Mark Finstad  Mark Verbrugge
Match the working area on a panel to the assembly panel size.

Question: I am working on a project that has several flexible circuits. I have had to order these a couple times during the development phase and am now ready to go to production. When ordering prototypes, my supplier also gave budgetary prices for production quantities. I just got my production quotes back and the prices are over twice what had been budgetary quoted. The only difference is that I am now having them supplied in panel form for assembly. Why would that cause such a big cost increase?

As I read the first part of the question, I figured the supplier had just dropped the ball on the budgetary quote. It is unfortunate, but it happens. But then I got to the part about panels and realized there may be another underlying issue.

First, I should explain that virtually all rigid and flex PCBs are manufactured in panel form. Every manufacturer has a couple of standard processing panel sizes, and they are not the same among different manufacturers. The rigid or flex manufacturer will pick its standard panel sizes based on many factors, such as raw material sizes, internal processing equipment sizes, and ease of handling. Flex circuit manufacturers typically run smaller standard panel sizes than rigid PCB manufacturers because of the dimensional instability of raw flex materials.

Also, there’s a distinction between the processing panel and the assembly panel. A processing panel is the large panel that carries the bare flex through the processes required to create the bare circuit. Since most processing panels are too large to fit standard SMT equipment, they are cut into smaller assembly panels at the very end of bare board manufacturing. These smaller panels are the assembly panels and will carry the circuits through SMT and assembly. When the job is set up, the manufacturer will attempt to pack as many circuits as they can on each processing panel. The processing panel will have a set cost based on the material and processing time. This processing panel cost will be the same whether there are two or 50 circuits on the panel. The more circuits on the processing panel, the less each circuit will cost to produce. See where I’m going with this?

The inquirer states that the only significant difference between the prototypes and production circuits was the addition of an assembly panel. Although I don’t know the manufacturer’s standard panel sizes, there is a very good chance you picked an assembly panel size that does not fit well on the processing panels, and this has significantly impacted the number of circuits that will now fit on the processing panel. As an example, if a manufacturer uses an 18" x 24" processing panel size with a working area of approximately 16.5" x 22.5", and you specified an assembly panel size of 12" x 12", only one assembly panel will be on the much larger processing panel! The rest of the processing panel goes into the scrap bin when the single assembly panel is removed, and the cost of all that scrap is amortized into the few parts on the assembly panel. This may be an extreme example just to prove a point, but even a small reduction of processing panel density will have a significant impact on the cost of the individual circuits.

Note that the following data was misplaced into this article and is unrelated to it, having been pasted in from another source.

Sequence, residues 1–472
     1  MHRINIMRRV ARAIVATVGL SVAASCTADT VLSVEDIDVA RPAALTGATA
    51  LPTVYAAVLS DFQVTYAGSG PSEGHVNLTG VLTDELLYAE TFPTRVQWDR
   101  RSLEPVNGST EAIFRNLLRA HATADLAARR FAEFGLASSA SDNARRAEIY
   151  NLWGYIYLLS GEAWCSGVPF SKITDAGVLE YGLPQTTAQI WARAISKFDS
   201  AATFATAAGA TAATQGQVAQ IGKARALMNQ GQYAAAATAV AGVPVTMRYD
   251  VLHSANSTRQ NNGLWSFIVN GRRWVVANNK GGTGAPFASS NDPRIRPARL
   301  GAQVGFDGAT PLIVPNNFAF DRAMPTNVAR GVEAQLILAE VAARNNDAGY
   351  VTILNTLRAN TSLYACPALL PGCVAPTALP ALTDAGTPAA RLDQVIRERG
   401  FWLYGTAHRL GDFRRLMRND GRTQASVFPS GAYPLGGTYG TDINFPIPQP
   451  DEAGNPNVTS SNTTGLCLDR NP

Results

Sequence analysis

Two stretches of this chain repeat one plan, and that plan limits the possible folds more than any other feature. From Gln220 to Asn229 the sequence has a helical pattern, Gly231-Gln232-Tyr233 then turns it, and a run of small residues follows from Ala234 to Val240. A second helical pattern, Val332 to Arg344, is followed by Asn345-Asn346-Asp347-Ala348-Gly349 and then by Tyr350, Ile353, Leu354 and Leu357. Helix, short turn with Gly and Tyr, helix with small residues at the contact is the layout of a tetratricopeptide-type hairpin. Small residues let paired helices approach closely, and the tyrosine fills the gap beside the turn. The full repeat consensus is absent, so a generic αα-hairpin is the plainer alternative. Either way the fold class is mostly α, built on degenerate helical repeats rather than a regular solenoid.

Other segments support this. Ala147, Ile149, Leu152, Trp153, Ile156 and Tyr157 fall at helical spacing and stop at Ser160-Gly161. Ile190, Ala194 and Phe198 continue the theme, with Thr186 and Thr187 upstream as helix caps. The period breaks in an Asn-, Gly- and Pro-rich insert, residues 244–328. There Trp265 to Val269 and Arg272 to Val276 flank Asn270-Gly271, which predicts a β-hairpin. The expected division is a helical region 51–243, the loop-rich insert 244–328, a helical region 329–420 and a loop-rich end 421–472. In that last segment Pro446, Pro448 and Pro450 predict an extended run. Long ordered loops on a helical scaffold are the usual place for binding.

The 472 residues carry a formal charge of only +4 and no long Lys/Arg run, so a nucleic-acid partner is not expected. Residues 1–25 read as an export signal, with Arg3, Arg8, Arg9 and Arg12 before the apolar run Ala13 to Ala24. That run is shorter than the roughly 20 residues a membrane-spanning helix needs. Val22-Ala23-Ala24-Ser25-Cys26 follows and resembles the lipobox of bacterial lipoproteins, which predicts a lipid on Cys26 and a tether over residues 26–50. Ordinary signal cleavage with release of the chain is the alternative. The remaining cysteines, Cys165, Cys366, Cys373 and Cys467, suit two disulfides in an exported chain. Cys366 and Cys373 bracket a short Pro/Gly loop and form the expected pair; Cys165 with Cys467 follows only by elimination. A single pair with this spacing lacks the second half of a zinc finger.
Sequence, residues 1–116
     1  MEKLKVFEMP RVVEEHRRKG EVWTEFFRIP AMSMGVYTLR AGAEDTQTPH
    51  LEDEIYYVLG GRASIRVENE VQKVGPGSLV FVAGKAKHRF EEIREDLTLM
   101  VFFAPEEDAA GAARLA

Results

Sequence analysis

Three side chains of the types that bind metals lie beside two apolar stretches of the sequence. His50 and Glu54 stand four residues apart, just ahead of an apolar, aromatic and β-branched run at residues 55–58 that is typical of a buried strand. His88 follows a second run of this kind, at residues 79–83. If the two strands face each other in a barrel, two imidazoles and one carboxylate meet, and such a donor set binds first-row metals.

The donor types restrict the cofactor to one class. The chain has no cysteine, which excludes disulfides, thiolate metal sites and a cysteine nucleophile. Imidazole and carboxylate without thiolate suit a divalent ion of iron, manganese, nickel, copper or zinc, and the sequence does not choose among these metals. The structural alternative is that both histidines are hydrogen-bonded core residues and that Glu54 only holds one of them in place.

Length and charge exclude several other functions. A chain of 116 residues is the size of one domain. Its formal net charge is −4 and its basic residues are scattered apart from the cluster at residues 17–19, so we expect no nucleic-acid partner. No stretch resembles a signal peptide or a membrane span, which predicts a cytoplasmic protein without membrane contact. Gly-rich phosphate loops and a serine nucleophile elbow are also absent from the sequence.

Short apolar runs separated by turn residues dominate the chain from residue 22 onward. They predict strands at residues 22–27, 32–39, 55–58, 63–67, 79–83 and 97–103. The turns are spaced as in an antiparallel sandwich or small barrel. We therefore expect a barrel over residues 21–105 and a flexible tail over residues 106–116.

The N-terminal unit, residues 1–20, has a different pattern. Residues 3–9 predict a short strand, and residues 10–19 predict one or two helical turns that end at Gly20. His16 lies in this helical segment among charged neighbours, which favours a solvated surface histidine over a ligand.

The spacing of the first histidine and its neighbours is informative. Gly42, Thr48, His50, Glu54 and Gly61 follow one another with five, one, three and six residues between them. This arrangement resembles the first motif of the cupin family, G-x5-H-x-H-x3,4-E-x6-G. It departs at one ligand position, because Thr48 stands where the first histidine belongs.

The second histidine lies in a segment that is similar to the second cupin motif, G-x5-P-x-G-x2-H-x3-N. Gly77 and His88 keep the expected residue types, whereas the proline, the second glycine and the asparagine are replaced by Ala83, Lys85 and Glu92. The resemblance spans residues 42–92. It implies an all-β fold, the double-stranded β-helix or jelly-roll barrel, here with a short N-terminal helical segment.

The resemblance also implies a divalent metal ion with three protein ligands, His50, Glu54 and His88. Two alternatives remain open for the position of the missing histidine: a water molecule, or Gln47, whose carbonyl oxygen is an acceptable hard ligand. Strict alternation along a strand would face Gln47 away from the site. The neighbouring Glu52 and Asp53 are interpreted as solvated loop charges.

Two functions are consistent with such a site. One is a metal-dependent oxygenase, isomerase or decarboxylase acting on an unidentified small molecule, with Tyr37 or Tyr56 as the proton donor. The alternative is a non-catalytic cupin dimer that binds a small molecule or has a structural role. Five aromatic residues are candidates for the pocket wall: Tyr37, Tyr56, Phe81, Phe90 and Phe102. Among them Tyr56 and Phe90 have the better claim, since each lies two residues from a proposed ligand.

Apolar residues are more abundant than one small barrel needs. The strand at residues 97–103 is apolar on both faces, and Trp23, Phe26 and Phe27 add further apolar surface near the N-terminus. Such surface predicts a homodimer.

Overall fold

Another aspect to consider is the assembly panel density. The flex PCB supplier is going to cram as many parts as possible on the processing panel. If you have not only dictated assembly panel size, but also the circuit layout within that panel, you may have doubly jinxed yourself. FIGURE 1 illustrates this. Panel A shows how the manufacturer would like to run this PCB if there were no assembly panel requirements. Panel B shows what would happen if an assembly panel is specified that is slightly larger than half the processing panel, with a six-up array. The panel density goes from 24 parts per panel to just six! Panel C shows a compromise that would provide the parts in panel form without significant impact on cost.

Figure 1. In these panelization examples, Panel A assumes no assembly panel requirements. In Panel B, the assembly panel specified would reduce panel density to six boards. Panel C is a compromise layout that maximizes board count at the lower additional cost.

My advice: Find out what processing panel size the flex circuit supplier plans to use and what the working area is on that panel. Then make sure any assembly panel size you might specify will fit efficiently within the working area on that processing panel. Or better yet, tell the fabricator you want the parts supplied in panel form and specify approximately how many parts you would like on each assembly panel. If there are overall size constraints on the SMT equipment, also share this with the supplier. Then let them propose the actual assembly panel size and circuit layout. There will probably be some back and forth to dial in the best size, shape, and circuit layout. At the end of this process you should have a pretty good understanding of how different configurations drive cost. Also, by doing this you will ensure the finished layout will be optimized for your fabricator (giving the lowest cost) and that it yields an assembly panel that will work well with the SMT and assembly equipment.

Mark Finstad is senior application engineer at Flexible Circuit Technologies (; This email address is being protected from spambots. You need JavaScript enabled to view it.. He and co-“Flexpert” Mark Verbrugge, sales applications engineer at Amphenol Sincere (, welcome your suggestions.

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